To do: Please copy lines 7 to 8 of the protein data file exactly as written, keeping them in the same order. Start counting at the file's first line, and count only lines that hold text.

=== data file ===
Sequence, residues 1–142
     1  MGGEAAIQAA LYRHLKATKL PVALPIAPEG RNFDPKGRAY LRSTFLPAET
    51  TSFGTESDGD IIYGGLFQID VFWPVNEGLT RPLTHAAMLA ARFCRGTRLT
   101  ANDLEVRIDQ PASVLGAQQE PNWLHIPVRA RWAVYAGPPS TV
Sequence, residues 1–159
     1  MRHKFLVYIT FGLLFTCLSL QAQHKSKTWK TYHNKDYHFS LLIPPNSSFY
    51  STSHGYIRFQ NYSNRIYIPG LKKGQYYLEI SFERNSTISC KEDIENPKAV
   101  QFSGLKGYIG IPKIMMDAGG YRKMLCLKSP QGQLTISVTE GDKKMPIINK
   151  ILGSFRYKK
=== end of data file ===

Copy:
    51  STSHGYIRFQ NYSNRIYIPG LKKGQYYLEI SFERNSTISC KEDIENPKAV
   101  QFSGLKGYIG IPKIMMDAGG YRKMLCLKSP QGQLTISVTE GDKKMPIINK